August 12, 2010

Organic Gardening | A Guide to the Basics

It is now becoming more apparent that food grown organically is better for you. Organic gardening is becoming more than just a fad and is developing into something that could change how we do our gardening forever. Until that time, there is much work to be done in order to spread the movement. This work includes encouraging organic gardening at the grassroots level, and that starts with education. In this article we are going to focus on some of the main aspects of organic gardening: organic fertilizer, organic vegetables and organic pest control. Before we get too deep into the article, let’s make sure we are on the same page with regards to what organic gardening is. Organic gardening generally refers to gardening that does not involve chemical based pesticides or fertilizers.

Whether you are growing marigolds, or you are growing pumpkins, you want to have great soil and excellent fertilizer. One of the most important aspects of natural soil management is fertilization. Proper management of your soil will lead to healthier plants that live longer and can survive more adversity. Organic fertilizers should be applied throughout the spring, summer and fall at regular intervals to ensure the soil has all the nutrients it needs on a regular basis. It is also important that your soil has an optimized pH level in order to maximize the effects of organic fertilizer. The main advantages of using organic fertilizers are that they release nutrients at a slower rate which optimizes absorption, and they are also safer for both the environment and people.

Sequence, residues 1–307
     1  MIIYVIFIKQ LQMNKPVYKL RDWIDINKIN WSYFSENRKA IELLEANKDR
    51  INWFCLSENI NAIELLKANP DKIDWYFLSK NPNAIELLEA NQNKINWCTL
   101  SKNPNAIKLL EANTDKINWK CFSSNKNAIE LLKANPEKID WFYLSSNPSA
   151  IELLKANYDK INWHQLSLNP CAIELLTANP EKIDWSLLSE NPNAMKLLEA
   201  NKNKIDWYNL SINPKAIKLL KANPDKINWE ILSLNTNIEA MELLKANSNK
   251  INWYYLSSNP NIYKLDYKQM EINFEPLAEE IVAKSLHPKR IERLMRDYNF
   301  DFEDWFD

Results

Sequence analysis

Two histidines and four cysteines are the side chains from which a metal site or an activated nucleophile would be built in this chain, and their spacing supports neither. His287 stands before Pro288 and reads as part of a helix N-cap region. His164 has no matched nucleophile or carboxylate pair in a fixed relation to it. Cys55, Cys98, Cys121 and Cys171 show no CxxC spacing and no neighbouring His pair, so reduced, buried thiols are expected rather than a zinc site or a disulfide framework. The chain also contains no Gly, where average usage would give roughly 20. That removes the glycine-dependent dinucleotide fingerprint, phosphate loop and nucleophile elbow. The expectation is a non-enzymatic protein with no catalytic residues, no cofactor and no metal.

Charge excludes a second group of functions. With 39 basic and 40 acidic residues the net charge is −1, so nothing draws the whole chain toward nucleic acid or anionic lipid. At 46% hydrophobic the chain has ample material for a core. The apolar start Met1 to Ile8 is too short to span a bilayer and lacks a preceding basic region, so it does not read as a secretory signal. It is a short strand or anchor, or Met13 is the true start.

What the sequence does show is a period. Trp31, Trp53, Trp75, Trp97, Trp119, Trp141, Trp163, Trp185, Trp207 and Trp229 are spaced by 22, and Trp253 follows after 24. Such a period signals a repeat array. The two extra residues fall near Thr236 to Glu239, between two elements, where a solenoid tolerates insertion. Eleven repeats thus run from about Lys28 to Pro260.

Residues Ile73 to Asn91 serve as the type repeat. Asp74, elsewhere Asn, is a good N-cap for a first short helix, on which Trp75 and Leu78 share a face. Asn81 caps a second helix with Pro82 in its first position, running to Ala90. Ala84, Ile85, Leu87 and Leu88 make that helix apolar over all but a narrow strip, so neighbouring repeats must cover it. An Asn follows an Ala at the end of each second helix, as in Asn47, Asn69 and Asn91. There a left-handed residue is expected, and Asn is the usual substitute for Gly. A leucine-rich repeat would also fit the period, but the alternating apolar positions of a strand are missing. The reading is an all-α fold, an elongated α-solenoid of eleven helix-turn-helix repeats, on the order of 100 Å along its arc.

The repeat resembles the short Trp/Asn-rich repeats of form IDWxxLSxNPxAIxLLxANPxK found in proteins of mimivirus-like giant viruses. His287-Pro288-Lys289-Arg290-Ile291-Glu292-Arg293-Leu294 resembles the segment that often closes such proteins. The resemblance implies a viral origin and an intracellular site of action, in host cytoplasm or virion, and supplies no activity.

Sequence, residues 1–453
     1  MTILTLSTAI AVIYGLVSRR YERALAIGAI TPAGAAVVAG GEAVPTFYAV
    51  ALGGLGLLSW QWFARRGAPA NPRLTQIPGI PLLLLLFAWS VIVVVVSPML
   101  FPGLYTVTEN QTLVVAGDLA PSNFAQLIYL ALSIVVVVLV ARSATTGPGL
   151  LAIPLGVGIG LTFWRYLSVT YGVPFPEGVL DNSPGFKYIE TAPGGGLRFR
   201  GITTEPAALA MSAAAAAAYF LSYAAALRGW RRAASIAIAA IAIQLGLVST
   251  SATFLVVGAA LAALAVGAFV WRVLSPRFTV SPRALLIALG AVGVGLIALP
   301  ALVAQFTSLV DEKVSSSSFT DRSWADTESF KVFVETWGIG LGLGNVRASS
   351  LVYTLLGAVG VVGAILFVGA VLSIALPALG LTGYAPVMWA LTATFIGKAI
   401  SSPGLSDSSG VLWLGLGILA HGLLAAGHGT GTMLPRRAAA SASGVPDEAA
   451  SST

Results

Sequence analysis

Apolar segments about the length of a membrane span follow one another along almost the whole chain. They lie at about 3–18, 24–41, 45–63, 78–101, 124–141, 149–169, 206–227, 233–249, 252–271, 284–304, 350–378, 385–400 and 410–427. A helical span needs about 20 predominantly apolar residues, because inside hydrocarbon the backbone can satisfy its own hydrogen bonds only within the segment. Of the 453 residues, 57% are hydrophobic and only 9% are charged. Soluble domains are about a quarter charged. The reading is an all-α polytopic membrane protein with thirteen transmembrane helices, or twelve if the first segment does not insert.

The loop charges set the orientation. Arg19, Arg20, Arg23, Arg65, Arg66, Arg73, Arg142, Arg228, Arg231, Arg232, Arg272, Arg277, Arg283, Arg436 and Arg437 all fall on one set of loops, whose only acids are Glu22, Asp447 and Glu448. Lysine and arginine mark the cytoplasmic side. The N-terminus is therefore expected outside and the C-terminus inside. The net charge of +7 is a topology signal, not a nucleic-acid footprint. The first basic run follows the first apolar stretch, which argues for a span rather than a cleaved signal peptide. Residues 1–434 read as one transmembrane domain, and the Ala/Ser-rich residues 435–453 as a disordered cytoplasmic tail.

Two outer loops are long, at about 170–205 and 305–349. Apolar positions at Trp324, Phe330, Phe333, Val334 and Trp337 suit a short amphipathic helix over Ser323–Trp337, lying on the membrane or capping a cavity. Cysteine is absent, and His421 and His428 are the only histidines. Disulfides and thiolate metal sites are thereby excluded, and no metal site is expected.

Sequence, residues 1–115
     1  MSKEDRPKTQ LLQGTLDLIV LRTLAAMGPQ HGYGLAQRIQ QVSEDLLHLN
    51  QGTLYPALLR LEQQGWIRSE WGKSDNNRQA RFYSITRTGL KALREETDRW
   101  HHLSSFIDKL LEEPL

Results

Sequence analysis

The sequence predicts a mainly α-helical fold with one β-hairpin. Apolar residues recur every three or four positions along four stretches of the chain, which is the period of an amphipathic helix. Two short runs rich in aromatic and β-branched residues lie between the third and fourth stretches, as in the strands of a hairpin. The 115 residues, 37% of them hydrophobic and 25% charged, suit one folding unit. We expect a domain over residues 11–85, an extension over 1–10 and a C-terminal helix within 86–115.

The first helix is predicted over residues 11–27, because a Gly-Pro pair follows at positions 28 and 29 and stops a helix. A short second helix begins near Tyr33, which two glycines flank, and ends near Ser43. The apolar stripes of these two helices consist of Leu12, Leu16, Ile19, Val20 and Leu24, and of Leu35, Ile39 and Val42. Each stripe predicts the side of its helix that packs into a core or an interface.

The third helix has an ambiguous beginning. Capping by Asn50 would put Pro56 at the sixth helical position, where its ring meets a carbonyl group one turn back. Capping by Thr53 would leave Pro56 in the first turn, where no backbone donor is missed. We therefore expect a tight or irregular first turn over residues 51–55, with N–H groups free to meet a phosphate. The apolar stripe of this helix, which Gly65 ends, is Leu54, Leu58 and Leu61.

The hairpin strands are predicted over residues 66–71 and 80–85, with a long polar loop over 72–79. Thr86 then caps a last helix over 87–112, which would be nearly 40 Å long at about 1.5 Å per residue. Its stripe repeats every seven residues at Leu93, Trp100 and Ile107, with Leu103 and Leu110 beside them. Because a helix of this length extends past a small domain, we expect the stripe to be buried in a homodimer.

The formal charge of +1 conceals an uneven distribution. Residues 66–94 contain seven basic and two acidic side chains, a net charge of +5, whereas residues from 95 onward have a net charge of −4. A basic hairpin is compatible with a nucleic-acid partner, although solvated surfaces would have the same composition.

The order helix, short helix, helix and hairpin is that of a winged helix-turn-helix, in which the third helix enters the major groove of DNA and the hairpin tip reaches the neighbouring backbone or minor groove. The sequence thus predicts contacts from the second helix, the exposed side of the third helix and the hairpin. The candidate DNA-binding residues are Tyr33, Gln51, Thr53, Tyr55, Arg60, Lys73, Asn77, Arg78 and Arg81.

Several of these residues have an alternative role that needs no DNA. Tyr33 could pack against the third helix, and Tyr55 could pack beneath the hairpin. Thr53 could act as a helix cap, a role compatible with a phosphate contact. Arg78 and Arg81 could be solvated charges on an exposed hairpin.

Organically grown vegetables have been said to contain higher amounts of nutrients and have also been said to taste better than their chemically grown cousins. One of the most effective strategies used in growing organic vegetables is to group the vegetables by type. When your veggies are grouped by types, you can quickly isolate problems should they arise. This also leads to more effective planting next year, when you rotate your crops (this leaves a better balance of nutrients in the soil). When it comes to developing your garden plans, the growth of your organic vegetables will be heightened by effective and frequent weeding. Weeds can sometimes stifle the vegetables as they try to grow, therefore you should always be vigilant of these earthly predators.

Lastly, when it comes to organic pest control, you can take advantage of natural alternatives to chemical pesticides regardless of what you are growing in your garden. Organic pest control exploits natural substances and ingredients to take care of common pest control problems, and this varies from nontoxic pest control practices (which still use chemicals). The method of organic pest control you use will largely depend on the type of landscaping plants you are trying protect, as well as which pests you are trying to avoid. For example, aphids are best fought with ladybugs; slugs best captured by a half-buried beer container and fruit flies avoided with basil essential oil.

You can see that when it comes to organic gardening, there are many layers to this fast growing technique. This article will serve as an excellent beginners guide, however there is much more to be taught and learned.

This is a guest post written by Dontel Montelbaun, a lead writer for


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Great thoughts on organic gardening! I'm fascinated by the interactions and relationships of flora and fauna-- and how often a harmony arises in nature between the two. There is a great debate in gardening with flowers regarding Peonies and Ants. I posted my experience about the relationship of peonies and ants (providing a simple and strong example of one case where pesticides would do much more harm than good) on my blog: and I would love to hear if you've had a similar experience. I'm now off to hunt down more symbiotic relationships that are beneficial to humans. Cheers!

Thiruppathy Raja said...

Excellent read. I like your style...have a good one!/Nice blog! Keep it up!

Organic Gardens

garden said...

Witam :)
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